Clergymen hold an Orthodox Easter religious service outside a church due to the social distancing rules in Bucharest. Photo: AFP

More than 260 million Orthodox Christians celebrated Easter Sunday, with church leaders urging worshippers to stay at home to avoid spreading the novel coronavirus.

While many watched services online or on television, some sidestepped virus fears to attend churches on the most important date in the Orthodox calendar.

In Georgia, several hundred took part in a midnight mass at Tbilisi’s Holy Trinity Cathedral after the government allowed public attendance despite a nightly curfew aimed at curbing the virus.

“I could have stayed at home and watched the service on television but only here in this holy church can I find true comfort,” one worshipper, 58-year-old Lamara Zhvania told AFP.

Orthodox Christians, the world’s third largest group of Christian believers, this year celebrate Easter a week after Catholics and Protestants because they follow a different calendar.

Last week’s Easter celebrations took place in empty churches while Pope Francis live-streamed his traditional message from the Vatican as the pandemic that has killed more than 150,000 made mass worship too risky.

‘We are together’

Russian Patriarch Kirill, who leads 150 million believers, held a service in Moscow’s Christ the Saviour Church with no worshippers attending.

In a televised address, the Patriarch focused on “the terrible illness that has touched our people” saying the church was empty but “we are together — one big family of Orthodox believers”.

Russian President Vladimir Putin did not go to a service as usual but visited a chapel at his residence outside Moscow.

“This year the festival is taking place with restrictions forced on us. They are necessary to fight the spread of the illness,” he said in a video address sitting by a table laid with traditional kulich Easter cakes.

In Moscow and the surrounding region, where most Russian Covid-19 cases are concentrated, churches held services behind closed doors with broadcasts online or on television.

Some parishioners held candles and watched from outside church fences as priests led traditional processions around churchyards.

Services remained open in many other parts of Russia, which has reported around 36,800 cases of coronavirus and more than 300 deaths. 

In much of the wider Orthodox region, churches were not open to the public.

The Istanbul-based Ecumenical Patriarch of Constantinople ordered services to be closed to the public and broadcast online.

The same decision was taken in Cyprus, Greece, Serbia and North Macedonia as well as in Egypt, where Orthodox Coptic Christians comprise 10-15% of the population.

Jerusalem’s Old City is normally packed for Orthodox Easter but was almost deserted at the weekend under Israel’s strict lockdown measures.

The annual Holy Fire ceremony took place behind closed doors in the city’s Church of the Holy Sepulchre. The flame was then taken to Orthodox countries worldwide.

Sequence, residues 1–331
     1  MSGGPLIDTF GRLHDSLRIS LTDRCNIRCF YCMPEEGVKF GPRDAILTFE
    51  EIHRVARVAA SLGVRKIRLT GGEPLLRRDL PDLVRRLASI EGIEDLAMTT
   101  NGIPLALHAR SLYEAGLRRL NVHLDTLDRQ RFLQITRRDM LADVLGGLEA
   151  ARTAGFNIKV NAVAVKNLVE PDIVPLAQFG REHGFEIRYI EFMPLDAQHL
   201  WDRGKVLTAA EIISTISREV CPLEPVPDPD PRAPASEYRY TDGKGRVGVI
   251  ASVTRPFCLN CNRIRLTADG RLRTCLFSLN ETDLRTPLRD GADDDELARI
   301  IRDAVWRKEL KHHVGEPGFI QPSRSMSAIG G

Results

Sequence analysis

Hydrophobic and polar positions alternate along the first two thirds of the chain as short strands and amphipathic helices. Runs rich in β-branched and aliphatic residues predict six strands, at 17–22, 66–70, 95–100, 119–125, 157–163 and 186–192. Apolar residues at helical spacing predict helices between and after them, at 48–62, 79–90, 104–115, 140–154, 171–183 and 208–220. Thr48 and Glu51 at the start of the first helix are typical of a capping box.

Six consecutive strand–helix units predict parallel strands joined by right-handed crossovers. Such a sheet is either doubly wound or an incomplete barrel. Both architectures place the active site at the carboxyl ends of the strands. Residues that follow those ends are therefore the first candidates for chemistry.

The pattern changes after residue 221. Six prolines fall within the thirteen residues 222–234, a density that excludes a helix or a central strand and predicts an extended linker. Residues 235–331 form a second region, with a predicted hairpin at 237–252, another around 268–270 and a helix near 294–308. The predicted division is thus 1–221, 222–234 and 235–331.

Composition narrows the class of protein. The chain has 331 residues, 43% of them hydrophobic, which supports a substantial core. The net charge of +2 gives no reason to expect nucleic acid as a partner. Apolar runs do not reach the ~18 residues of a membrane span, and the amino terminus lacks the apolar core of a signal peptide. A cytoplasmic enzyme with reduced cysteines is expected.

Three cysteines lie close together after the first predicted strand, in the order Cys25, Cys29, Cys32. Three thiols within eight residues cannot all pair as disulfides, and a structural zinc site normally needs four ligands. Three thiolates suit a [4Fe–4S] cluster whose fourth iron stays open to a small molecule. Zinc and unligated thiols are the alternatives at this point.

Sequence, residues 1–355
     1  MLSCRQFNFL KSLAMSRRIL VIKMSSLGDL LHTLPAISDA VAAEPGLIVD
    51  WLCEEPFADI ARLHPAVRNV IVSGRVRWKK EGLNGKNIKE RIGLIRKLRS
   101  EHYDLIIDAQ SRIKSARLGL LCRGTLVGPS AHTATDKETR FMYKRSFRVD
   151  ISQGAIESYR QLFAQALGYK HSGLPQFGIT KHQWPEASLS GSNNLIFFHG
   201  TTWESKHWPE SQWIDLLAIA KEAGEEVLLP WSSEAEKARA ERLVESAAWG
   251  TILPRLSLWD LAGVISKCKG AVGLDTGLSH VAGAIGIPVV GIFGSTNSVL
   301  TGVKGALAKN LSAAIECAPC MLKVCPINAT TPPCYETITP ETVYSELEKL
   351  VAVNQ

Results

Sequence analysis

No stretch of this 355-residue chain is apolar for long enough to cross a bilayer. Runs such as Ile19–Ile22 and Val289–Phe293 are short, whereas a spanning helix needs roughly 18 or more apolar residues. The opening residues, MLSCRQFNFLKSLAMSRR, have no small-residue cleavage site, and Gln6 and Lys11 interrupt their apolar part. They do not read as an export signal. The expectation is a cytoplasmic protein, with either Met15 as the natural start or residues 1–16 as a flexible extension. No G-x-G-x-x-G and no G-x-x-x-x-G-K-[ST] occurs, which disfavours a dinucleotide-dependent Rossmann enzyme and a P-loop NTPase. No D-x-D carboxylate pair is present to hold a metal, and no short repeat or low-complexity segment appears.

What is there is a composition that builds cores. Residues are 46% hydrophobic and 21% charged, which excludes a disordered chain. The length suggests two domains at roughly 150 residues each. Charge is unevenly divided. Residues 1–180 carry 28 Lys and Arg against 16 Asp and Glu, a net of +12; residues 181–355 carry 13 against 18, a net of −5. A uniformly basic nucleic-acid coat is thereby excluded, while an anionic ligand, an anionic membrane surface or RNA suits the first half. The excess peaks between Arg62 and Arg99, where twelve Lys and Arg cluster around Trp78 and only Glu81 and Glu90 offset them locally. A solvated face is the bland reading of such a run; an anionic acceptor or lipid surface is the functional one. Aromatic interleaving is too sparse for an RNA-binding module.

According to tradition, the Holy Sepulchre stands on the site of Jesus’ crucifixion and burial.

In Romania, while churches closed their doors, volunteers and priests went to people’s homes handing out loaves of consecrated bread and sharing the holy flame.

Officials versus clerics

A number of Orthodox churches opposed the imposition of lockdown measures on their most important holiday.

In Bulgaria the Orthodox Church kept services open to all, but worshippers have to wear masks and stand at a minimum distance from each other. 

Dimitry Goldman, 46, wore a face mask to attend an open-air midnight service outside the Alexander Nevski cathedral in central Sofia.

He said he  was praying for “health… and that we overcome this crisis and people go out in the streets again.”

Georgia’s government bowed to pressure from religious authorities and allowed services in the largest churches despite a curfew and public lockdown in the Black Sea country with 385 confirmed cases. 

Ukraine saw a similar divergence of views with President Volodymyr Zelensky urging people to stay at home while the country’s Orthodox Church loyal to the Moscow Patriarch encouraged worshippers to attend outdoor services.

The Church has been been hard hit by the virus with 93 people infected at its historic Kiev-Pechersk Lavra monastery where three monks have died. 

In ex-Soviet Belarus, a country of nine million with a relatively high number of cases, Belarusian Church leader Metropolitan Pavel told believers to stay at home saying “human life is much more valuable”.  

Easter services saw a third of the normal number of worshippers but President Alexander Lukashenko — who regularly casts doubt on the extent of the pandemic — said he planned to attend on Sunday, proclaiming: “I will be in church. It is my tradition.”